At all stages, an LCA is likely to include information about the use of energy, transport of materials and the release of waste substances into the environment.
The manufacture of products has an impact on the environment, including:
The impact of a product on the environment during its use depends on the type product. For example, a wooden chair has very little impact, unless it needs cleaning or repair. On the other hand, using a car will have a significant impact.
The disposal of old products has an impact on the environment, including:
The table shows some data about the energy needed in the lifetime of a pillow case.
|Life cycle stage||Lifetime energy use (%)|
Discuss the use of energy during the lifetime of the pillowcase. Describe one way in which the energy use could be significantly reduced.
One quarter of the energy use is associated with making the pillowcase, and very little in disposing of it. The greatest use of energy happens when it is being used, probably because of washing, drying and ironing the pillowcase. Energy use could be reduced by drying it outside and without ironing it, and washing it at a lower temperature.
Comparative LCAs can be used to evaluate which of two alternative products will have a lower negative impact on the environment. For example, we can compare plastic carrier bags and paper carrier bags:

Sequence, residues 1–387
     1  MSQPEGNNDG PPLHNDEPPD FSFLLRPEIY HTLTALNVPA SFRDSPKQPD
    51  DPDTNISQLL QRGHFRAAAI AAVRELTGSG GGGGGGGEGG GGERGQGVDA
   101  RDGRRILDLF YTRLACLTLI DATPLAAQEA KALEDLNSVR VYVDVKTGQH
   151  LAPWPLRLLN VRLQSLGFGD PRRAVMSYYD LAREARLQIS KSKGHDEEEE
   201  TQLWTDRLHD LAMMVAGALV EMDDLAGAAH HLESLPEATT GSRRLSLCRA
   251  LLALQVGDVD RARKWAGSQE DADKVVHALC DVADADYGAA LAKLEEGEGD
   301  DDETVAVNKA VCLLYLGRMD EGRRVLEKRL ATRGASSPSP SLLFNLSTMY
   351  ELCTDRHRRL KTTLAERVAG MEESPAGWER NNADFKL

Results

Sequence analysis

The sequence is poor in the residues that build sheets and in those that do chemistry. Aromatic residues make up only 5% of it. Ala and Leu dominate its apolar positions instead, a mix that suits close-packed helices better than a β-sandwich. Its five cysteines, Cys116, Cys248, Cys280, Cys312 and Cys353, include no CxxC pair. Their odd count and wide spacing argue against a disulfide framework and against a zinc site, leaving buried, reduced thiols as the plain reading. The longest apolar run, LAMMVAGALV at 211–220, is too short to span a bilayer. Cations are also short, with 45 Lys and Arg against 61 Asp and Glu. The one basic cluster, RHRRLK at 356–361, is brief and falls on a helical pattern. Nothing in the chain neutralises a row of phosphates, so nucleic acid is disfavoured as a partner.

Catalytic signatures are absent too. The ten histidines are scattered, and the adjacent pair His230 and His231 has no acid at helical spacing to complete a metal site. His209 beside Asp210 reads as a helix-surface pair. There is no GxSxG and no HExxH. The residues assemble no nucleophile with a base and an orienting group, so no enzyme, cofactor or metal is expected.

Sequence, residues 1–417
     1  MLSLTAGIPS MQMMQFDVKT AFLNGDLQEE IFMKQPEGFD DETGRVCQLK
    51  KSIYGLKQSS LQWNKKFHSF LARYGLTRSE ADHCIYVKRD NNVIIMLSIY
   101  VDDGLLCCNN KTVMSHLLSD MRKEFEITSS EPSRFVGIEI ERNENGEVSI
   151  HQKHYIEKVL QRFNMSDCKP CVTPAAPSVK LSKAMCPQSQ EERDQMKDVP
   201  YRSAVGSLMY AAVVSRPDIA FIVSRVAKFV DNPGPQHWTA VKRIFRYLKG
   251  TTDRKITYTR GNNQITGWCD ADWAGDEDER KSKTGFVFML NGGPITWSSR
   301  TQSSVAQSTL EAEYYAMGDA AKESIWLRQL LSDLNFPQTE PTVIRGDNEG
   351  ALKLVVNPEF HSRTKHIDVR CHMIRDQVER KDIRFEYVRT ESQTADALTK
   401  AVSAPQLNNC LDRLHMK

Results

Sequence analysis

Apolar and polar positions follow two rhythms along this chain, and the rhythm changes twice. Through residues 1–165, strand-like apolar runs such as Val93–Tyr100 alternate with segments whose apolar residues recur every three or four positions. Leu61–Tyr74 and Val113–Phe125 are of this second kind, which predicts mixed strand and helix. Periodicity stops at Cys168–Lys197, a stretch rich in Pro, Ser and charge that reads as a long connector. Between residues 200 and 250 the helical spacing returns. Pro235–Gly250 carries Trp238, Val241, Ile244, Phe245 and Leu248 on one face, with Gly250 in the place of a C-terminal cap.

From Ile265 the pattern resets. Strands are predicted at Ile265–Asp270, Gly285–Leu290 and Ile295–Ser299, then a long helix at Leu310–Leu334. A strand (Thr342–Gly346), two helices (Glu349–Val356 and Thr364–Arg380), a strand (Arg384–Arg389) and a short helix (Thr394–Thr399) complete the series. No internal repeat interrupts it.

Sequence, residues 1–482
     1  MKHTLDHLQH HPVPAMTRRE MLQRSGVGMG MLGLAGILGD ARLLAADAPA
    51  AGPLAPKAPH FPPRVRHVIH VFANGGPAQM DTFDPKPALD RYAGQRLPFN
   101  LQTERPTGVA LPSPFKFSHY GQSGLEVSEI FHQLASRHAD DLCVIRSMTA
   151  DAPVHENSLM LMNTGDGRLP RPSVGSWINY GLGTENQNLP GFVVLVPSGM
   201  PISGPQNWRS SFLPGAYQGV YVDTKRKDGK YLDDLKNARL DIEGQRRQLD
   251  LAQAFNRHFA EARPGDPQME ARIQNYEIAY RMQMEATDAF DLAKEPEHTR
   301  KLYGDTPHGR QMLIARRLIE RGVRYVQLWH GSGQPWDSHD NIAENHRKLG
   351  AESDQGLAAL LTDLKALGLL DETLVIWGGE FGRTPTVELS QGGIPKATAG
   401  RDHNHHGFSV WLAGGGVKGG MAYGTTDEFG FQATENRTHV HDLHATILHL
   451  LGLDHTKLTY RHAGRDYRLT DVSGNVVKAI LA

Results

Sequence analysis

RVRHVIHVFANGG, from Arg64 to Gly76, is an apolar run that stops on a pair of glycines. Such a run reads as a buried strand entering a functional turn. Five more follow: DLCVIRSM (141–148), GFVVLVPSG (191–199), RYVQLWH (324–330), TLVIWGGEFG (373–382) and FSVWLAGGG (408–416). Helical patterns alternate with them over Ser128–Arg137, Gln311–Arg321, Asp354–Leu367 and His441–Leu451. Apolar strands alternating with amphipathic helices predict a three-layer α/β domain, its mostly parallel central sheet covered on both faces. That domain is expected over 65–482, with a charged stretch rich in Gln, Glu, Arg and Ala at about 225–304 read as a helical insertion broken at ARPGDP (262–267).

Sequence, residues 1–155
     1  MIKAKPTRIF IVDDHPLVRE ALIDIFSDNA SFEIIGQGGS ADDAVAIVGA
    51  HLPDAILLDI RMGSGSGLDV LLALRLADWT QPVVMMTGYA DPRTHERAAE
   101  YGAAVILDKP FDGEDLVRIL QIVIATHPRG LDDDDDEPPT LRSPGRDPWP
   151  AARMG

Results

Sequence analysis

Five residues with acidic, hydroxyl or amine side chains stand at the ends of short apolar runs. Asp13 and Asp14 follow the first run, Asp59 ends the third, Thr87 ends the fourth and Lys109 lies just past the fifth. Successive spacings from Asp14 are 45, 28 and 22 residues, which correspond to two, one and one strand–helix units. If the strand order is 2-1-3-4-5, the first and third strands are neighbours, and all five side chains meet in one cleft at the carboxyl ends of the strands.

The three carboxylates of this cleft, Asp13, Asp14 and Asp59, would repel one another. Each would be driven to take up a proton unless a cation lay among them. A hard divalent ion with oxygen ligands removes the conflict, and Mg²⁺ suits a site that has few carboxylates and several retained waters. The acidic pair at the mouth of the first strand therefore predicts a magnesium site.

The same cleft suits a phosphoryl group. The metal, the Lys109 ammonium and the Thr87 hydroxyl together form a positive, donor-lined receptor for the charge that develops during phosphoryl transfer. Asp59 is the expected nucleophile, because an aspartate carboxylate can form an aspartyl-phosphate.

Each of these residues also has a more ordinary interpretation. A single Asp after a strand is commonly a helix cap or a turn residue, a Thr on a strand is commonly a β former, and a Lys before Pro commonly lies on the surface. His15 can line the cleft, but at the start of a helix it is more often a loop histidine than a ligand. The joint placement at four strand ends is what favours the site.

|Life cycle stage||Plastic carrier bags||Paper carrier bags|
|Raw materials||Crude oil is a finite resource; fractional distillation, cracking and polymerisation all require a lot of energy.||Can be made from recycled paper, or from trees. Making paper from trees requires more energy than recycling paper, but much less than making plastics.|
|Manufacture||Cheaper to make large quantities of bags from plastic.||More expensive to make bags from paper because the handles must be glued on.|
|Use||Lower impact on the environment because plastic bags are usually stronger so they can be reused many times.||Relatively short lifetime; can only be reused a limited number of times.|
|Disposal||Can sometimes be collected and recycled; if disposed of as litter, they do not biodegrade; in landfill, may take decades or centuries to degrade.||Can be recycled easily; if disposed of in landfill, they biodegrade quickly.|
It is sometimes easy to work out accurate numerical values for parts of a LCA. For example, we can measure the amount of energy needed to manufacture a product, or the amount of carbon dioxide produced by transporting raw materials. However, some parts of a LCA require judgements, such as the effect of pollutants. This means that completing a LCA is not a totally objective process, and different people might come up with different judgements.
It is important to consider who has completed the LCA and whether they have any bias. For example, if the LCA is completed by the company which is making and selling a product, they might only include some parts of the genuine environmental impact.